Mar 24, 2012 Naina Sharma rated it really liked it  ·  review of another edition
I had almost forgotten how it felt to read a hard bound book, lost as we are in our paperbacks and ebooks culture. The Yellow Emperor's Cure is everything that I needed to motivate myself to read one again.

It fueled my continuing curiosity and obsession with China and its rich history; weaved an alternate world full of intrigue and danger; and was full of minuscule, intricate details. Details, which one has no way of judging if they are accurate or not, but you drown in them and their supposed a
Convoluted, politically charged and medically complex, this novel weaves a tight web about its main protagonist until neither he nor the reader is certain what to accept as truth or lies. At times the novel gets bogged down in its own rococo machinations, such as when Dr. Maria attends dinner parties or deals with the Chinese natives. When everybody is playing a game or setting a trap, it’s difficult to care for anybody as a human character; rather, they come off as being pieces on a board of an ...more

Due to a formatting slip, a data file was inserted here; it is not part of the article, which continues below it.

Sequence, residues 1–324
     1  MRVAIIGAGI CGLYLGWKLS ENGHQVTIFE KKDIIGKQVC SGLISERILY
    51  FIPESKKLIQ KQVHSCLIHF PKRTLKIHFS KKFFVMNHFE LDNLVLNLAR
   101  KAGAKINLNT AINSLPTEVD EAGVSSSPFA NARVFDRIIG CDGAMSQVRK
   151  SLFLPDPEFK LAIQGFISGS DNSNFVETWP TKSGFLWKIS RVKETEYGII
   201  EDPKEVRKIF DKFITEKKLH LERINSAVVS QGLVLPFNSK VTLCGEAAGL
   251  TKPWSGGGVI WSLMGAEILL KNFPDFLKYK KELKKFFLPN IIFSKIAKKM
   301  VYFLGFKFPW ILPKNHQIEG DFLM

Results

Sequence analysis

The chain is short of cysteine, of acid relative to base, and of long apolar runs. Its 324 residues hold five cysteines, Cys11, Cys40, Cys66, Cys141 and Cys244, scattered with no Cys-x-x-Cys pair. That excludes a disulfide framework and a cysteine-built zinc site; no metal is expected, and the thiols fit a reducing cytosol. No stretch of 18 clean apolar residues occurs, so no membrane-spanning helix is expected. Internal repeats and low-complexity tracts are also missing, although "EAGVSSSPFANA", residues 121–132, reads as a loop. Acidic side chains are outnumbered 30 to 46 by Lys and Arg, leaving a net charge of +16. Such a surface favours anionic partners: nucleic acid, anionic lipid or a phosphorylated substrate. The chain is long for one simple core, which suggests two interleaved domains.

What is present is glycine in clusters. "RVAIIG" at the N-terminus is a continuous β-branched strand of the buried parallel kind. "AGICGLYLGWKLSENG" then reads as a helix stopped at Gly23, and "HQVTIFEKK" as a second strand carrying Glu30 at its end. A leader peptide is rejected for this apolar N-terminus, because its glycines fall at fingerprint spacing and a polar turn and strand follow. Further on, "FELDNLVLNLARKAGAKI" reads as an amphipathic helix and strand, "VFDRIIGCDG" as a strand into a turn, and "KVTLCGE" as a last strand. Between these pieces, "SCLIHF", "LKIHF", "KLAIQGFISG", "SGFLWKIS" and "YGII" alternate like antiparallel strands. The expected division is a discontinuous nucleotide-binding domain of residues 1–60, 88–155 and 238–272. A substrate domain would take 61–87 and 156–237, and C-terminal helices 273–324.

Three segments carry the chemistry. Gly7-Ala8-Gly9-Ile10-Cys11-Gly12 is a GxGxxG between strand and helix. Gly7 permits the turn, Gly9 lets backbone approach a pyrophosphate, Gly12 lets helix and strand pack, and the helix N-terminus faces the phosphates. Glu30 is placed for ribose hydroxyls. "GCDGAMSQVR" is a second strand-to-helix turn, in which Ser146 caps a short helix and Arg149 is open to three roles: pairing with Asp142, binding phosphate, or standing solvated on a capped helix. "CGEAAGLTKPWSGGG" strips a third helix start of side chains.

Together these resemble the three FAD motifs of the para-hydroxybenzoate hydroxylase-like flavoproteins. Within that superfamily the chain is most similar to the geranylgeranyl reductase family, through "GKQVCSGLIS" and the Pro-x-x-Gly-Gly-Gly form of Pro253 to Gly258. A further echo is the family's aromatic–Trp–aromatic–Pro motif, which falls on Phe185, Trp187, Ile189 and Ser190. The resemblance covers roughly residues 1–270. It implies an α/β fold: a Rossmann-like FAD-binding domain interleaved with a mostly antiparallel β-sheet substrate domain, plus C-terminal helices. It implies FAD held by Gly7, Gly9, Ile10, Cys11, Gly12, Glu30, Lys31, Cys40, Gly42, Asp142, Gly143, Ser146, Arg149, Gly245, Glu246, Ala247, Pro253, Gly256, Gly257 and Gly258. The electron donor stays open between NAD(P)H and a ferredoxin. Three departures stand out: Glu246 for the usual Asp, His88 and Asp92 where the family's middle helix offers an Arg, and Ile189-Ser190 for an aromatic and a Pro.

While the premise of the book is very interesting, clunky prose and a meandering plot lets down the reader. The prose is clunky and awkward, and it took effort to focus on what was happening on the pages. The writing is all over the place, and one never knows why the characters are saying and doing whatever they're saying and doing. The characters are very bland and uninteresting, and I found myself completely indifferent to their eventual fate. Finally, after wandering all over Lisbon and Pekin ...more
Sep 19, 2012 Lisa rated it liked it
The book drew me as I like historical romance that take place in different countries. Portugal and China fit the bill. I found the writing to be very visual and lyrical. It also gave me more insight into Chinese medicine. 2/3rds way through the book Basu went overboard with the political intrigue and it dragged on. I still would recommend this book.
Jul 12, 2012 Kiran rated it really liked it  ·  review of another edition